Bass - Fishing Topwater Baits
Bass fishing with topwater baits is without a doubt the most fun you can have fishing for large or smallmouth bass. People watch these bass tournaments on the tube and see all these pros using plastic and spinner baits jigs and crankbaits, forget about the fun and excitement you get with topwater baits. Topwater baits create great action and stories to pass on to family and fishing friends.
The best time I find for topwater bass fishing is in summer, the colder the water the slower the response, and the more you have to work that bait. Early morning and evening are best for topwater bass fishing.
Of course weather effects your choice of lures also, on a bright sunny day it is better to have a light wind to go with it, a bit of a chop makes the bass less spooky. On a calm sunny day use a heavier lure and lighter line for longer casts. Bass tend to become real spooky in calm and clear water, so the further the cast from you the better off you'll be.
Wind can also change the type of topwater bait you can use I believe that when the wind comes up you should use a smaller bait that makes a lot of noise. The larger baits just plow through the chop, while the smaller baits ride the chop and still make that enticing noise to get the strike you want. Also try to fish through the troughs created by the wind.
Bass fishing topwater baits has some of it's own quirks you want to be able to make pinpoint casts to cover areas and make a clear retrieve. Most of your topwater bass fishing will be done in shallow water over weed beds, flats and around objects and shoreline cover. The majority of bass population remains in shallow water all summer.
To fish bass with topwater baits cast about a foot or two past your target and bring it as close to the cover as possible. If you do not get a strike after the first few feet reel in and try again and make another cast. Fishing cover like this there is no need to reel the bait all the way to the boat. Work the bait slowly to get that strike from the bass that is hiding in the shadows and under cover. Have patience when fishing topwater baits, let the ripples disapear, and let the bait sit a few seconds before you make you retrieve.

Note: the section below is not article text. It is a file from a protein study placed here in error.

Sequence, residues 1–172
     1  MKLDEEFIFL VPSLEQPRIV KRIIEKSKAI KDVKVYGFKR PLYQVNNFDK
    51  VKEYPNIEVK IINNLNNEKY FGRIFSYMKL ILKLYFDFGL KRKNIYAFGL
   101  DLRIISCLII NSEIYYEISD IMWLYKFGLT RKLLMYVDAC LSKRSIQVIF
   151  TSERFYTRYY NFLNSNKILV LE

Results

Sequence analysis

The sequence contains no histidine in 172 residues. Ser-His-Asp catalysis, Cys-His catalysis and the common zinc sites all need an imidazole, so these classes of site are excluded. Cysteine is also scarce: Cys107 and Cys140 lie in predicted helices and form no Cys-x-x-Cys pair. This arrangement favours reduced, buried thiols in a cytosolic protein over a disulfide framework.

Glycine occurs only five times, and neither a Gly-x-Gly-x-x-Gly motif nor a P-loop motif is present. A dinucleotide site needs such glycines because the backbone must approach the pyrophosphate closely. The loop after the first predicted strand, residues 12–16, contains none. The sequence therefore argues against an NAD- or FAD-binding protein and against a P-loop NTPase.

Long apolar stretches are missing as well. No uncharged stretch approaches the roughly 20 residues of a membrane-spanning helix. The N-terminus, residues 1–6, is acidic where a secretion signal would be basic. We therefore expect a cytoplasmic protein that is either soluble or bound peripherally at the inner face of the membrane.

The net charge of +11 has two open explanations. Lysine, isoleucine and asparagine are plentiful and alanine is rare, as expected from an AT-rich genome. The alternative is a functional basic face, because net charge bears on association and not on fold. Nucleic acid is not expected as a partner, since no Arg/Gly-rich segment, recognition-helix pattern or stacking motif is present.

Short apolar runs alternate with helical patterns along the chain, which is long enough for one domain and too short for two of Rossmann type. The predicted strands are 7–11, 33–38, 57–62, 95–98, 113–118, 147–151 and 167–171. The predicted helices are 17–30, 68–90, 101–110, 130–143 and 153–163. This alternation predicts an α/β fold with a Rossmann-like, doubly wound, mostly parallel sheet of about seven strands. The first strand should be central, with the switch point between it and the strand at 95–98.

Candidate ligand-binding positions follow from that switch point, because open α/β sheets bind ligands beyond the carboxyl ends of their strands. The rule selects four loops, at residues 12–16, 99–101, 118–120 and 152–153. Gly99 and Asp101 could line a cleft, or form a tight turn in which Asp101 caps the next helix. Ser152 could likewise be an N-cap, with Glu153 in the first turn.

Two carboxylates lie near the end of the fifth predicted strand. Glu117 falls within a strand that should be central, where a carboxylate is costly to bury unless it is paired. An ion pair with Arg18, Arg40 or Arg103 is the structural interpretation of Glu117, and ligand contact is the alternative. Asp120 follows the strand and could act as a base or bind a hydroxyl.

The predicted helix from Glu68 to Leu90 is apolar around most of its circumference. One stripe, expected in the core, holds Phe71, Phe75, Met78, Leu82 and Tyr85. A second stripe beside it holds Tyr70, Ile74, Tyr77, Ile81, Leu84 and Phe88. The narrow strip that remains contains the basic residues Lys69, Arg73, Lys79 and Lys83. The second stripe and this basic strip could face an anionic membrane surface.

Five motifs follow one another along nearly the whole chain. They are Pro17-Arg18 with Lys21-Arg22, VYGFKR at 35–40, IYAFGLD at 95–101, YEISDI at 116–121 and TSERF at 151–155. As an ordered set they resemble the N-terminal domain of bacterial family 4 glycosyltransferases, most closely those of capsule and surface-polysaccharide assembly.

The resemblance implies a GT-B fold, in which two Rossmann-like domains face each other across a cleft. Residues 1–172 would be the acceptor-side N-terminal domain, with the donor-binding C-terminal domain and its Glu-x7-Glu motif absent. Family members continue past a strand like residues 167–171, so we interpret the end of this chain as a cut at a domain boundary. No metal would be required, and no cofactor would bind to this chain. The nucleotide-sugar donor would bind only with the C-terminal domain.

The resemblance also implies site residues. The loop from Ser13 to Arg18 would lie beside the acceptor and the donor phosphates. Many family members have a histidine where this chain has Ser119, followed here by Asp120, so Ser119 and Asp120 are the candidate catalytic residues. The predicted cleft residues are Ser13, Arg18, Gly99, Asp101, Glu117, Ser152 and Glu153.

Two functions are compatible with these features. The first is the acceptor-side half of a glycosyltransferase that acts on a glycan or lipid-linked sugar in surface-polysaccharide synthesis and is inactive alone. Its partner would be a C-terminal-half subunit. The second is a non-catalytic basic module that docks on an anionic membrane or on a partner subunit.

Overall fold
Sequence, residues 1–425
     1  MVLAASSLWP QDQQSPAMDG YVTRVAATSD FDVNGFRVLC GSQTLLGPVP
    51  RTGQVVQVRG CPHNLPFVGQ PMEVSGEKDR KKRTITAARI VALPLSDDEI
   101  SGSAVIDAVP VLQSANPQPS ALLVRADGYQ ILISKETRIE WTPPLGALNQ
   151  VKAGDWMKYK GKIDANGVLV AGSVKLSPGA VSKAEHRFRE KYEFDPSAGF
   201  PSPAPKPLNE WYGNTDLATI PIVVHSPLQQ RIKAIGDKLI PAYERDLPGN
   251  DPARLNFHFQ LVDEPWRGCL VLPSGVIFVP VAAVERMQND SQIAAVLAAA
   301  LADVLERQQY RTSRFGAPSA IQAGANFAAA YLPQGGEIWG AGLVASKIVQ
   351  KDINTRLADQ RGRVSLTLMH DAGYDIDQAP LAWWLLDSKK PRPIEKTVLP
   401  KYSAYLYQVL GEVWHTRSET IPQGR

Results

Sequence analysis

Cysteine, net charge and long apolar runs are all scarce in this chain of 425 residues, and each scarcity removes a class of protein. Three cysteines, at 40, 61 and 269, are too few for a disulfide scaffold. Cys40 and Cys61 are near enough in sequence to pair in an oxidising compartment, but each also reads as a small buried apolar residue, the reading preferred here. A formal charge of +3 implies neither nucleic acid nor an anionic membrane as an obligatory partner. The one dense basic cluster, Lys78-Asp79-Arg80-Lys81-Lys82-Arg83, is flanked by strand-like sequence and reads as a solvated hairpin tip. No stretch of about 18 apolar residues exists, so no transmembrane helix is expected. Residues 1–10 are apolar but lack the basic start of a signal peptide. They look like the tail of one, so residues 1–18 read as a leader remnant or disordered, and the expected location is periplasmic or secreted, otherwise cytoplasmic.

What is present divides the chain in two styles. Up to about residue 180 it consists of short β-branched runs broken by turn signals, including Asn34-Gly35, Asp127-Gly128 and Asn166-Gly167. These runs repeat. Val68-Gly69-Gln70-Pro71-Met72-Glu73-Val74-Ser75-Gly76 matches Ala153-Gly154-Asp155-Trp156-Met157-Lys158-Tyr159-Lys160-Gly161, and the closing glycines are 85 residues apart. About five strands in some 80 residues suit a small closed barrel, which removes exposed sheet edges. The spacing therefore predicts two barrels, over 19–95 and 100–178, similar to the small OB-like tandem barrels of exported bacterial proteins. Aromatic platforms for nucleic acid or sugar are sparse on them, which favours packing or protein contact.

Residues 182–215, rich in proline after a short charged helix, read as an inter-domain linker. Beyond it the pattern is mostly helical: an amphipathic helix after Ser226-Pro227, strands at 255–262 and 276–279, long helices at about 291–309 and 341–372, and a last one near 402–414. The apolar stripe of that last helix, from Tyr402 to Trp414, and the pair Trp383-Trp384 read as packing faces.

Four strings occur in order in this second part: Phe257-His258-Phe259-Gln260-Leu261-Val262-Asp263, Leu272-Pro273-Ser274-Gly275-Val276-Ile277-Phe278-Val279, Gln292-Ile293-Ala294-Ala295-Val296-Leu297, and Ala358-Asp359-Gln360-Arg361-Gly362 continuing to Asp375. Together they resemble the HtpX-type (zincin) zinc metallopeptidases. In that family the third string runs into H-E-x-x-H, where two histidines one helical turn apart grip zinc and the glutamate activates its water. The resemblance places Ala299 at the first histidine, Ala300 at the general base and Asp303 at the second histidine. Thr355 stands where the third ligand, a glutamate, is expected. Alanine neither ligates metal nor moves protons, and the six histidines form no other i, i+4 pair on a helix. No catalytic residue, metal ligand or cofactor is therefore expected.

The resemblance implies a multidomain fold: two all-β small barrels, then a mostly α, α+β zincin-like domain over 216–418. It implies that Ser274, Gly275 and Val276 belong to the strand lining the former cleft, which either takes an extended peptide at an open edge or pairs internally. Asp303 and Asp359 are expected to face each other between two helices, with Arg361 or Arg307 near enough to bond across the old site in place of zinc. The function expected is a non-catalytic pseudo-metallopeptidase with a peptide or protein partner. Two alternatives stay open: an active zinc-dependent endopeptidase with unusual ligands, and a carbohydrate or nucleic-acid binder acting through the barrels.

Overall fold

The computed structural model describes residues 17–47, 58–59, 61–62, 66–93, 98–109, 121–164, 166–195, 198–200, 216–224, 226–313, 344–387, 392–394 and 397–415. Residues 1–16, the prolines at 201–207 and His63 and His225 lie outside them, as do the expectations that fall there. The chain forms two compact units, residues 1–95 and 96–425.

When the bass strikes a topwater bait, wait till you feel the fish before you set the hook. If you try to set that hook when you first see the strike you'll miss more than you will catch. I can't count the times that lure has been nocked back towards me by the bass striking that topwater bait.
Now for some of the most popular baits, Poppers are among the oldest of topwater bass fishing lures. They have the dished out face with the line tie in the middle. When retrieved they make a slash noise or "bloop" when popped. Poppers work best in warm, calm, shallow, clear water. You get your action from the rod tip not reeling. The harder you snap the bait the more noise and commotion created.
Stickbaits are rounded, hot-dog shaped lures usually plastic or wood. weighted to float nose up. The only action they have is what the angler ads to make them work. These baits have appeal for big bass, just using the jerk, then real up slack and jerking again produces a good eratic side to side motion that gets lots of attention from bass.
Propbaits are cigar shaped and fitted with propellers on one or both ends. Propbaits can be worked fast or slow, quiet or loud, but stop and go retrieves are best. The bass will let you know what is best so vary your retrieve. Be sure to experiment, propbaits are dynamite around sunken logs, lily pads, and shallow cover. Be sure the blades on the lure run freely,
Wobblers and Crawlers, these baits are particularly best at night or early morning, Examples of these are the Jitterbug or the Crazy Crawler. They make a loud plopping sound when retrieved steadily. Use a steady slow retrieve for the best results with this bass bait.
Buzzbaits are a little like spinnerbaits desingned to be fished on the surface. There are two types, the opposite wire types, with the blade above the hook, and the inline type with everything on one shaft. Excellent for clear water, and pick up less weeds. Again experiment with your working of this bait, twitching and vary speeds to create different noises.
Weedless Spoons are also in this category, designed to be fished in dense cover, either through the thickest weeds, lily pads, or grass. They go through the toughest cover you can find. Fishing with weedless spoons for bass you will want to be using heavy fishing tackle, rods and reels. I like to point my rod tip at the lure on my retrieve, and again here be patient and allow the bass to take the lure.
About the Author: Jack Phillips has been fishing Canada coast to coast for over 50 years. Fishing Canada provides solid advice for walleye, bass, pike, muskie, a variety of trout and more. Ideas on when and where to go on your next trip to Canada. Ice fishing tips. Delicious fish recipes to boot!